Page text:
“Ryan, what type of DevOps engineer should we hire?”, is a question I’ve been asked by customer after customer. As much as I want to flippantly respond “A good one”, I know, this isn’t helpful. When a customer raised this question a few weeks ago, I decided to get our conversation down on paper, in the hopes that sharing my perspective, benefits others asking this same question.
Those DevOps unicorns, they don’t exist…
I start by laying the baseline, “OK, let’s just cut to the chase. That unicorn DevOps engineer you thought you were going to hire? That one with all the certifications and within your budget …sorry to burst your bubble but they don’t exist. Yes, I know, these unicorns exist in Silicon Valley and I, too, have seen them on InfoQ, but we’re not in the valley, and we’re not creating content for InfoQ. We’re at your established organization and while you have some, let’s just say, interesting-but-not-that-interesting work to be done, we need to be pragmatic about hiring.”
Forty-five minutes later, after we’ve discussed “this thing called DevOps”, whether DevOps should even be in the job title, pipelines, all things cloud, Kubernetes and then a bit more on pipelines, we start to zero in on what problems they need to solve. It’s from here that I can generally guide them to a persona that’s realistic for their needs.
As the CTO and Cloud/DevOps Solution Lead for SingleStone, I’ve hired many DevOps engineers and worked alongside hundreds more of our customer’s engineers. While some may argue that “there’s no such role as DevOps engineer”, the reality is that in the technology industry labels stick — for good and bad. A quick search on LinkedIn will show that DevOps Engineers are amongst the fastest-growing jobs (we’re hiring too!). It’s a thing…companies want to hire DevOps engineers.
Pick One: DEVops or devOPS
Step 1: Start with the problem – “What problems are we trying to solve that we hope this person(s) can help us with?”. Hiring is one of the most expensive investments any firm can make, so being clear on the problems they will solve is imperative.
Often by the time I have this conversation, customers have already posted a job description for the unicorn DevOps engineer, and not surprisingly they are having a hard time finding good candidates. I share that based on my experience; the vast majority of DevOps engineering candidates can be grouped into one of two personas. Choose one of them as a starting point for your DevOps engineer role:
- DEVops engineers fundamentally understand software development, are passionate about automation, are lazy like a fox and enjoy making their team’s lives easier. These are generally the cheerful / glass-half-full folks who think everything’s possible. These engineers almost always start their careers as software developers and are passionate about “doing it right”. They are naturally curious about how code flows and this often leads to building pipelines that automate the building, packaging, testing and deploying of applications. Setting up code quality reports, dashboards and feedback mechanisms for the team often falls in their purview.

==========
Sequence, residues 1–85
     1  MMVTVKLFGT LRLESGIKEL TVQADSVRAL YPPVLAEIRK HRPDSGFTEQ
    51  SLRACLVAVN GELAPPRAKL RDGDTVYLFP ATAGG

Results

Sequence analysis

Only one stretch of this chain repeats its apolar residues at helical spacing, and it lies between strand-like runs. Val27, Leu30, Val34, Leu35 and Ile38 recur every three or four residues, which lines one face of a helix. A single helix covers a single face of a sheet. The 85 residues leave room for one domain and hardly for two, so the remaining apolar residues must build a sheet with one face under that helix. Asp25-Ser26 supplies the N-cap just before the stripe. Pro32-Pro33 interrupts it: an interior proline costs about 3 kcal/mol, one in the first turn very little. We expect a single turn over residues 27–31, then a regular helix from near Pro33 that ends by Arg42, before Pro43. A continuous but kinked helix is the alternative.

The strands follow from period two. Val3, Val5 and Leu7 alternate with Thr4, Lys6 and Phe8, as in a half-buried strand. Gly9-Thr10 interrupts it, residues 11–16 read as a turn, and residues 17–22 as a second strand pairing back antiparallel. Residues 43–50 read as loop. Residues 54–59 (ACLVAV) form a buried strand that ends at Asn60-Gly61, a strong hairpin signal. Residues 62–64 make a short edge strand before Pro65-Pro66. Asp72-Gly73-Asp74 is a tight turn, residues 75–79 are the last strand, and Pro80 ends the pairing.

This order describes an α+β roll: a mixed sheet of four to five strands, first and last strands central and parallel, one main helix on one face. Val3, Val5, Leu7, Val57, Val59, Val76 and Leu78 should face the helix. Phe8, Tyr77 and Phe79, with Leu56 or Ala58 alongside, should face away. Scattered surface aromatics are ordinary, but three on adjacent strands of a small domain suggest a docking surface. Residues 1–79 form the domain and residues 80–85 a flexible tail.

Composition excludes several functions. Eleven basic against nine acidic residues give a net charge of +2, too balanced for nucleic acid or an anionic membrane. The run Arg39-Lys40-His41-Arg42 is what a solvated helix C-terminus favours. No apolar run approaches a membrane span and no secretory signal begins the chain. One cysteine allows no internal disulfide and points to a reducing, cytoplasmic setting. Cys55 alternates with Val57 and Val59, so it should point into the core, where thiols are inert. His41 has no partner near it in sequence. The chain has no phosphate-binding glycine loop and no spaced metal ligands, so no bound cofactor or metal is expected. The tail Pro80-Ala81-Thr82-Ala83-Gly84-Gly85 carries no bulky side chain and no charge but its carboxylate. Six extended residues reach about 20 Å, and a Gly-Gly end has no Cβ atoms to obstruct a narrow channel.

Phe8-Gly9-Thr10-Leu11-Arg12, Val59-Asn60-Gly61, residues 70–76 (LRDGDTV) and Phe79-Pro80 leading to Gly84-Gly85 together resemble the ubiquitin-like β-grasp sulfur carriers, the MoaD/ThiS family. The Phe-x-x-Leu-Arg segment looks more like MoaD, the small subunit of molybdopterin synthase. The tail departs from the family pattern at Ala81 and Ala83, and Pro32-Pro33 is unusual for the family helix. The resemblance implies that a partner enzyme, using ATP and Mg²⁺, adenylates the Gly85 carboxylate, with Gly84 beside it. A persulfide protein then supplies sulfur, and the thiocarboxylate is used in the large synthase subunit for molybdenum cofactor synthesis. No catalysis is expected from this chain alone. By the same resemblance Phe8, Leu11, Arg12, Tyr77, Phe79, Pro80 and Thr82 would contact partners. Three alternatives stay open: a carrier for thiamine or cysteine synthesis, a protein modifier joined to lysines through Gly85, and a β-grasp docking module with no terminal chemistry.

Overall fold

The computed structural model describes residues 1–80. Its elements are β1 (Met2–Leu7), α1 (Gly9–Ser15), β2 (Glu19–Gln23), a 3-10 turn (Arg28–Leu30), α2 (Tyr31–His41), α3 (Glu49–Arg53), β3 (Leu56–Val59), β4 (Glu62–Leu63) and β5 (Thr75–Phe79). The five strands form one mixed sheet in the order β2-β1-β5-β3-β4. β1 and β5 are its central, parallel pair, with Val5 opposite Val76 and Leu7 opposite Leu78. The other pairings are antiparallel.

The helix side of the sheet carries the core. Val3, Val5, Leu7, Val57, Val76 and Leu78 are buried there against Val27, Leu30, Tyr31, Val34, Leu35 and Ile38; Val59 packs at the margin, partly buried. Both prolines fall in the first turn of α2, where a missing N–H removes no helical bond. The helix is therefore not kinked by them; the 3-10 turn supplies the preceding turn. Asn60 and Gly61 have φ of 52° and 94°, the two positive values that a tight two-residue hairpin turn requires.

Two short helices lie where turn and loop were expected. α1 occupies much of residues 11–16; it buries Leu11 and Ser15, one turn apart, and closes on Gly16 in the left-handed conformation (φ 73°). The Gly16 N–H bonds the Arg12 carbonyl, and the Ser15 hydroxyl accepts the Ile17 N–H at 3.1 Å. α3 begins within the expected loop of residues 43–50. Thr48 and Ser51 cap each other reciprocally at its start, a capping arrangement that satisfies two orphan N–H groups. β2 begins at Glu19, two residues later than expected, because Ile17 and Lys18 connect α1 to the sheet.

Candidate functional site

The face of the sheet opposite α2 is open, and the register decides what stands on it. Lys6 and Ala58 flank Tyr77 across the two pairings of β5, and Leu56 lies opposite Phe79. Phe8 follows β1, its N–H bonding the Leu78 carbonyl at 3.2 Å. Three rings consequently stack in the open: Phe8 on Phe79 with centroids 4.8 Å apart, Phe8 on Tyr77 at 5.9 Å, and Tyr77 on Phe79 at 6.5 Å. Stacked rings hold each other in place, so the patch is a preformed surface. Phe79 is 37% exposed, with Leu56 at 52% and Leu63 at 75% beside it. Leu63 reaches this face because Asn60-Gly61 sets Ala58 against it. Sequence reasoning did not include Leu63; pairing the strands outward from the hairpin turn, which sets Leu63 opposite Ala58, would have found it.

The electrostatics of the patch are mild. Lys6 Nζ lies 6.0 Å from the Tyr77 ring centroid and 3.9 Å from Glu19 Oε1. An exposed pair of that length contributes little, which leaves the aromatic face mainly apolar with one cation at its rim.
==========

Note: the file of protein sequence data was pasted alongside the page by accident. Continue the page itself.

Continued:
- devOPS engineers fundamentally understand physical and virtual infrastructure including networking, compute, storage, monitoring and operations. These are often the mildly surly folks with sarcastic senses of humor and a higher propensity for piercings. They may have started their career as a glass-half-full person, but over time they’ve often been beaten down by developers and management. These engineers generally started life as system administrators or network engineers and today should have experience with virtualization and likely the cloud. These engineers naturally gravitate to building environments, application stacks, monitoring and other resources required to safely run applications.
To help them choose, I’ll ask my customer questions like, “Is your development team constantly challenged to get shippable code released? Is building, deploying and testing your service a black art? Do you often roll back releases?”. If so, then start with a DEVops engineer.
Alternatively, I may ask “Are your customers the first to tell you that your service is down? Does a step in your disaster recovery runbook include saying a prayer? Is self-service provisioning something you only hear about at conferences?”. If so, then start with a devOPS engineer.
If you are having all of these problems, then consider a pair of engineers — one closer to DEVops and the other devOPS — and have them work together. When Google hire’s Site Reliability Engineers (SRE’s) — roughly analogous to a DevOps engineer — they hire about a 50/50 split in DEVops and devOPS engineers. At SingleStone, when we deploy DevOps engineers on a customer engagement, we send DEVops and devOPS engineers, because we’ve found that they are able to solve more problems in less time.
In the beginning, let the problem guide you to a DEVops or devOPS engineer persona. You’ll be more efficient in recruiting, interviewing and hiring. And, you’ll set appropriate expectations with your existing team on what this role will help (or not help) with. If you have lots of problems — consider a pair — one from each persona.
Now that we’ve identified the hiring options, in my next post I’ll share my Six Traits of a DevOps Engineer.
Have you hired a DevOps engineer? Are you a DevOps engineer? How do you go about defining when to hire a new team member?